- I have worked with VMware from before vCenter even existed. So it is pretty cool I did this all on a Mac.
- While the Client Integration Plug-in is no longer required, and in Help About it even confirms that, when I hit the upload button on a datastore, it downloaded the CIP for me – when working on a Mac. On a PC, that that has the authentication plug-in installed it works as it should – prompts you for a fie. In both cases I was using Chrome.
- Release notes – vC and ESXi – found here
- Release notes – Update Manager – found here
- vSphere docs – here – upgrade guide
- What’s New in vSphere 6.5 – updated doc
- 6.5 Configuration Maximums Guide – here
- Update Sequence for vSphere 6.5 – kb article
- Important information before upgrading to vSphere 6.5 – kb article
- Best practices for upgrading to VCSA 6.5 – kb article
- William’s great collection of links – here
- Jon Kensy – VCSA upgrade – this guy upgrades a VCSA that had no connection with VUM. How realistic is that?
- Image Builder 6.5 UI is not seen in the UI after an upgrade – here
- Failure to upgrade to 6.5 – VUM migration error – very odd
- Doc on VUM migration as part of 6.5 upgrade – docs
- Good upgrade article – here
- Use PowerCLI to update VMware Tools – here
This was one of my more difficult upgrades. But glad it is done.
Now I need to fix vMotion. I hope that the problems I had, and documented, help you. I hope your upgrade (migration) goes better then mine! I should mention that other than vMotion everything is good. All my services and apps are running and there was no downtime. So it was painful but ended OK. Except for vMotion. Still haven’t figured that out. But weekend is over and need to do some stuff.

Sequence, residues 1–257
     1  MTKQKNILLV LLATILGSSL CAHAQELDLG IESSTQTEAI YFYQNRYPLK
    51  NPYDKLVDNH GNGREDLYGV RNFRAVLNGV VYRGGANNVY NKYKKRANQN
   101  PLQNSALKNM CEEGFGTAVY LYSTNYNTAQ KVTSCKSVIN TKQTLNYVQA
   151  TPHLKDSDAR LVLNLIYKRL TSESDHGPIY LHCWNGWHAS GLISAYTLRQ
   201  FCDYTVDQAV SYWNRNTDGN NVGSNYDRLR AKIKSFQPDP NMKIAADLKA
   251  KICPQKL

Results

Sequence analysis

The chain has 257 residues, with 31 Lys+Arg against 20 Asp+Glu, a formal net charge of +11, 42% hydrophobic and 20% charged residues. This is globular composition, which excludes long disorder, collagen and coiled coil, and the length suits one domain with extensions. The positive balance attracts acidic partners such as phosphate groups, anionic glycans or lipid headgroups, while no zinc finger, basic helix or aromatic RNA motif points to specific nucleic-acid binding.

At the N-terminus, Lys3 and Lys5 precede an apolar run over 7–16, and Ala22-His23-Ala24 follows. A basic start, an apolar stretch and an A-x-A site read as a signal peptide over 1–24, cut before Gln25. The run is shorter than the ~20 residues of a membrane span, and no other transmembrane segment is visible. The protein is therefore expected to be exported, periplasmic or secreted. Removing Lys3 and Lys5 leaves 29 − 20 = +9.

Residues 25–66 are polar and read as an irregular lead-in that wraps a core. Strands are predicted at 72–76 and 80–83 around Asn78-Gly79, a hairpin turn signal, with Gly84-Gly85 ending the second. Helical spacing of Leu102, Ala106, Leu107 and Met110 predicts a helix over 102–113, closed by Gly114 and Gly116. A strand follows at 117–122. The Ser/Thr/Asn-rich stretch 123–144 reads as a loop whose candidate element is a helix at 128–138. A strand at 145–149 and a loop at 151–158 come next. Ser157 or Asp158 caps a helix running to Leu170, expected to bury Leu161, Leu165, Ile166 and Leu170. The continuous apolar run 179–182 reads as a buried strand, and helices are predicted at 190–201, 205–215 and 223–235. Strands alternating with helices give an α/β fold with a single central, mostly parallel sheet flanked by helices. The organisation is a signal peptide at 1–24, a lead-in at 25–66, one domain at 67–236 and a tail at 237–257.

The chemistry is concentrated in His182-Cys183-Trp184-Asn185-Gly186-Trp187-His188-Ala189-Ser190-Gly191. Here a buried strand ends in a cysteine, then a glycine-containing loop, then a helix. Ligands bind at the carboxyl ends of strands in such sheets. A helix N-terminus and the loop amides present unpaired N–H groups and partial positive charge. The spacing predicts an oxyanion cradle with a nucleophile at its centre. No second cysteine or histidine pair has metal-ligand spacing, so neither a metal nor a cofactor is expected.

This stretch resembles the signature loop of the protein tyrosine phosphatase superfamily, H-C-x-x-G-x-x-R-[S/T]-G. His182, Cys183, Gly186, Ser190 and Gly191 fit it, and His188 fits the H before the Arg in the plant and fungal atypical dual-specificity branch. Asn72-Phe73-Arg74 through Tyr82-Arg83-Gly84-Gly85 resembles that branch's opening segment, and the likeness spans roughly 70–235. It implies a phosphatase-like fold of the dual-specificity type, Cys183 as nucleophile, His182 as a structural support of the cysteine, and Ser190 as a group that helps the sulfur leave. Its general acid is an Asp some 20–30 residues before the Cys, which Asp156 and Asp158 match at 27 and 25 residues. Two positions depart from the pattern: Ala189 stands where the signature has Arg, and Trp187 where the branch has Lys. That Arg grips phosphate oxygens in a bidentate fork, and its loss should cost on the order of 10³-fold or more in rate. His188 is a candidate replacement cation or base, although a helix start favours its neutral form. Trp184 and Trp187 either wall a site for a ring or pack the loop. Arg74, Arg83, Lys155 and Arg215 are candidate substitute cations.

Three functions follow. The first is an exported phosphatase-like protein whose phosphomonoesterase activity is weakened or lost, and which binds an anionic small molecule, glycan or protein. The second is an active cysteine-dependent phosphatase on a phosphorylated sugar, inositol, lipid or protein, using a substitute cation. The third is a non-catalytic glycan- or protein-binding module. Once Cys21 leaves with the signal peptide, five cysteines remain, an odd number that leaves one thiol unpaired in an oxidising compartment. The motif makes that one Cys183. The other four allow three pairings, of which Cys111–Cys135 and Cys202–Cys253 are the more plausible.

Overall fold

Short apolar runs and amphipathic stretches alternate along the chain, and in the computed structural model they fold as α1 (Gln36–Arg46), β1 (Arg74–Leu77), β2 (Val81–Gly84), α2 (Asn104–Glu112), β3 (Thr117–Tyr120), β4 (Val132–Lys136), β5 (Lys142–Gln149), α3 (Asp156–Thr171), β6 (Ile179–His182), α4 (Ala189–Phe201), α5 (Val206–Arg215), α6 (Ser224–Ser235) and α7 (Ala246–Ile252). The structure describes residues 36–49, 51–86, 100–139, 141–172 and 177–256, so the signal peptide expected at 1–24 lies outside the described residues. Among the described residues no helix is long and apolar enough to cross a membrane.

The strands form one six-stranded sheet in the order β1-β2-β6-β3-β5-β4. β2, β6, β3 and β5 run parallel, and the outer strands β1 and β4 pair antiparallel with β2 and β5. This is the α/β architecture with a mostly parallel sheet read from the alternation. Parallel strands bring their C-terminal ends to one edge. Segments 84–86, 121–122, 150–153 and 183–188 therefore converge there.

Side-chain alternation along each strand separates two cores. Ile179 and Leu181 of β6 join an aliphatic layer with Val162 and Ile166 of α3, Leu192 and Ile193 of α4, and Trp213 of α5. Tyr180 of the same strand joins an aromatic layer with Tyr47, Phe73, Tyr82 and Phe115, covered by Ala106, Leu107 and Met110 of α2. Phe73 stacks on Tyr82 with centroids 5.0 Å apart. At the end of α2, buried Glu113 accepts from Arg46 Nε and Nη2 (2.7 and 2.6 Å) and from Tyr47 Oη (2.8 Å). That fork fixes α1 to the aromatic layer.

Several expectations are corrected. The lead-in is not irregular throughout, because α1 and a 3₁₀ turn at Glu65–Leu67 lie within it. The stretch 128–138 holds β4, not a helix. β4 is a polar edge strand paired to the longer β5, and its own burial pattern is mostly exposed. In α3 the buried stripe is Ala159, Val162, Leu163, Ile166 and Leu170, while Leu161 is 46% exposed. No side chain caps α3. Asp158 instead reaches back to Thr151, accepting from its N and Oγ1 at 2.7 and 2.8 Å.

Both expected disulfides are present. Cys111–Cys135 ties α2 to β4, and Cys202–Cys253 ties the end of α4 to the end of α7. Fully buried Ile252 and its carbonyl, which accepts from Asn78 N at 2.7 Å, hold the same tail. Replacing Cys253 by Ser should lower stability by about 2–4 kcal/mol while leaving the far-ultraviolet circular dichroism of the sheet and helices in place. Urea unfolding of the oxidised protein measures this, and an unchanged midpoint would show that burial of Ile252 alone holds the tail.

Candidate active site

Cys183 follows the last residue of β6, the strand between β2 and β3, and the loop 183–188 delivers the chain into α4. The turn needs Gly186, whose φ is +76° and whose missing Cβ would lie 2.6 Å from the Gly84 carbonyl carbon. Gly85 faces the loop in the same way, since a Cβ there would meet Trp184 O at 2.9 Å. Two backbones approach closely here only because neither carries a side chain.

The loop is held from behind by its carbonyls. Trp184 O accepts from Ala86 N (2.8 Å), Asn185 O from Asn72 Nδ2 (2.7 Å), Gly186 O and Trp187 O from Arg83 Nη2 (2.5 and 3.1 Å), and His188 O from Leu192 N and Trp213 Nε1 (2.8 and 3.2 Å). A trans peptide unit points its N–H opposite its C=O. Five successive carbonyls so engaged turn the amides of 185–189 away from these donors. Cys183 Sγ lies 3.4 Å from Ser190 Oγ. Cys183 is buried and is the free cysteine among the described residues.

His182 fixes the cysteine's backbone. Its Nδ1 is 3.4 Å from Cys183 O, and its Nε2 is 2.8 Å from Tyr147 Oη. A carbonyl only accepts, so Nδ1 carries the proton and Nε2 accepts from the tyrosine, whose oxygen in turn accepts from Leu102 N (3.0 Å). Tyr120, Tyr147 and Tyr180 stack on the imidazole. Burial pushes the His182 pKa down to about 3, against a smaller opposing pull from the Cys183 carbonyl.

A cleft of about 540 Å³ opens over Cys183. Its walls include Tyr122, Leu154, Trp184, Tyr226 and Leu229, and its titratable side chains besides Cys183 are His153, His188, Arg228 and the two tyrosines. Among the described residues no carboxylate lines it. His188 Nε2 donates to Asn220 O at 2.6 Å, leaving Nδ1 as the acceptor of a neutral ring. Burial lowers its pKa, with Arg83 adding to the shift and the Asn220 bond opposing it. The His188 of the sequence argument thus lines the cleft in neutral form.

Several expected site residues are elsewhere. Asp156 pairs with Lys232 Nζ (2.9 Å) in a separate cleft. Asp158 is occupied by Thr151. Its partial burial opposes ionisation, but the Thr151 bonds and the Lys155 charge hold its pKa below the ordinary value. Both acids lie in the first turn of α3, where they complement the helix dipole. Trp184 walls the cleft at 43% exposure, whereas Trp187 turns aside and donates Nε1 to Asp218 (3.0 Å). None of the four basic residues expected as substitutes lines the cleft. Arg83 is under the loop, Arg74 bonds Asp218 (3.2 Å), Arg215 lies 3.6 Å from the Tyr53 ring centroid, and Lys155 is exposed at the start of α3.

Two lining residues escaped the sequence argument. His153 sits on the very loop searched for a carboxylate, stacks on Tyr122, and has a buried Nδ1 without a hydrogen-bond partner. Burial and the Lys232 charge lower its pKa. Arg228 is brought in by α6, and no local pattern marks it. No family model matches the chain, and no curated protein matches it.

- 2/11/17 – thanks to a reader, I found out that Dell OpenManage Integration for vCenter v4.0 is out in – maybe Feb – and that it adds 6.5 support. Which is odd as it seems to sort of work in 6.5. Find out more about 4.0 in this article.
- 1/31/17 – added the note about about VMFS in vSphere 6.5. In my lab, after the upgrade, I had 5.60 and 5.54 versions of VMFS and I could not upgrade them. But a new VMFS partition is 6.81 and supports the cool new functionality of faster re-signature and automatic unmap. Also added the point about testing your vMotion before you start.
- 1/30/17 – solved the vMotion issue. I first made sure there was no vMotion stack on my servers. There was on one so I removed it. BTW, I find it with this command esxcli network ip netstack list , and then remove it with esxcli network ip netstack remove -N=”vmotion” . Then, on each of the vmkernal ports (on each server) that were enabled for vMotion I removed it. Then I added it back. So did that on two hosts and vMotion was working fine again. Amazing. Then when I added a new 10 GB card to a third host, I had to remove the vMotion stack, and remove and add back the vMotion parameter and then everything worked. This is in fact connected to vSphere 6.5.
- 1/30/17 – the incompatible VIB was the driver for a very odd 10 GB card. I thought it was incompatible due to a newer drive in 6.5 but that is silly. It is incompatible with 6.5. When I removed it upgrade proceeded but the 10 GB card did not work. So no vMotion – and no storage. That host is now in maintenance mode until I can put a nice Intel 10 GB card into it but vMotion still doesn’t work. I can do a vmkping on the vMotion network so I know that works. Must look more!
Questions and comments are always welcome.